By Jim Melwert

NORRISTOWN, Pa. (CBS) — Republican Ryan Costello’s announcement that he will not seek re-election to his congressional seat in Pennsylvania’s sixth district is leaving the GOP  in a bit of quandary.

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The 41-year-old Pottstown native will retire at the end of his term but says the decision was not easy.

“Well it was a difficult decision. It was something that weighed on me for the past couple of weeks,” Costello tells CBS3.

The two-term congressman says his young family and political environment played roles in his decision.

“When I look at the state of our political environment, I lament how nasty and ugly it is right now and I don’t think that’s the kind of environment that I want for re-election” said Costello.

Costello also says, if and when he disagrees with the president, he also feels the wrath from pro-Trump Republicans.

Costello’s decision comes as no surprise. He’s been hinting at this for weeks, but the timing presents a challenge for party leaders, says Republican operative and lobbyist John Keleman.

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Rep. Ryan Costello Will Drop Bid For Reelection In Pennsylvania

The deadline to get on the ballot passed last week, the deadline to take a name off the ballot is Tuesday. That leaves the GOP with three options: Take Costello off the ballot and either accept Greg MacCauley as the Republican candidate or try to organize a write-in campaign; or keep Costello on the ballot through the primary, and, if he wins, party leaders could then hand-pick his replacement.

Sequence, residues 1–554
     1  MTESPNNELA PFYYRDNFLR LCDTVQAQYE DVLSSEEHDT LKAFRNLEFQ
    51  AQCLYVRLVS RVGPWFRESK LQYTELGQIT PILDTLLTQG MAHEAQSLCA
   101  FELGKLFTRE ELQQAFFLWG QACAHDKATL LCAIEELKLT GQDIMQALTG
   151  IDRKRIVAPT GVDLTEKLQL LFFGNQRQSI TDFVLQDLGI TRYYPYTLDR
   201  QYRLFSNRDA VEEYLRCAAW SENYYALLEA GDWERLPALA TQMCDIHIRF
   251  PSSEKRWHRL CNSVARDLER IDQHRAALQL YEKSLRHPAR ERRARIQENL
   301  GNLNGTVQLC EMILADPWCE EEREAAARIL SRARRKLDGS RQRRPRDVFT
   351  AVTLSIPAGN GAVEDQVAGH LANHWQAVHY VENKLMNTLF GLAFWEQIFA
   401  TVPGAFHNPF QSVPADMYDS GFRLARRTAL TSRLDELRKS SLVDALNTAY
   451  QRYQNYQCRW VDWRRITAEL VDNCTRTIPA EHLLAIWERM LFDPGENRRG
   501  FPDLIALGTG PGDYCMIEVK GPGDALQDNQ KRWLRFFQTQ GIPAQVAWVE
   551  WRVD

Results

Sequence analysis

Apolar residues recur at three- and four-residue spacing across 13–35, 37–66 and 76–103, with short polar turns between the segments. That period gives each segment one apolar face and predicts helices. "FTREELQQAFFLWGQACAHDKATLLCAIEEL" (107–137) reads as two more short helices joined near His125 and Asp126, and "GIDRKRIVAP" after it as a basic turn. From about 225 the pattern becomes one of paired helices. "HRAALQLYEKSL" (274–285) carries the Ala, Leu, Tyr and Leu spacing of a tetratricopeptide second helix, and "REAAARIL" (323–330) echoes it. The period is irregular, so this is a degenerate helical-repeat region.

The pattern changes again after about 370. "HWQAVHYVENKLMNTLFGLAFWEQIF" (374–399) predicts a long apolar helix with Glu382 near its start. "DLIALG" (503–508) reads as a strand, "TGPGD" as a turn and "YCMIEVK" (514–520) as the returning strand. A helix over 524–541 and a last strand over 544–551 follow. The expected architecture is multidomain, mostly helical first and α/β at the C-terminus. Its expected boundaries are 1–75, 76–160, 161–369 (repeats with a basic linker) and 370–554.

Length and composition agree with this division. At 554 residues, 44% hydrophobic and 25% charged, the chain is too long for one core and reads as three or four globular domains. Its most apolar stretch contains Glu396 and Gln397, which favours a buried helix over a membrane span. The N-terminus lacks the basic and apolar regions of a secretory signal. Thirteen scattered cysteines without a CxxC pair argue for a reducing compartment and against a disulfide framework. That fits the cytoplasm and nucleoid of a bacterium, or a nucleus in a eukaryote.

“In a primary election to ask voters to make what essentially would be a proxy vote for someone to be selected by party leaders, that’s a very tall ask,” Keleman said.

Keleman says for a new candidate to develop the name-recognition and goodwill that Costello’s developed in more than a decade in local and county politics, it would likely cost millions.

“And when you’re facing a candidate in Chrissy Houlahan, who already has a million dollars in the bank and has the full support of the DCCC, that is a very, very tall task,” he said.

“I’m honestly not very surprised that he decided not to run,” said Matthew Kerbel, Villanova University’s political science chair.

He says Costello’s move is having a positive impact for Democrats.

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“If you look at the totality in what’s happening across the country, Democrats feel very optimistic that in the fall they are going to be able to make inroads and possibly take back at least one house of Congress from Republicans,” said Kerbel.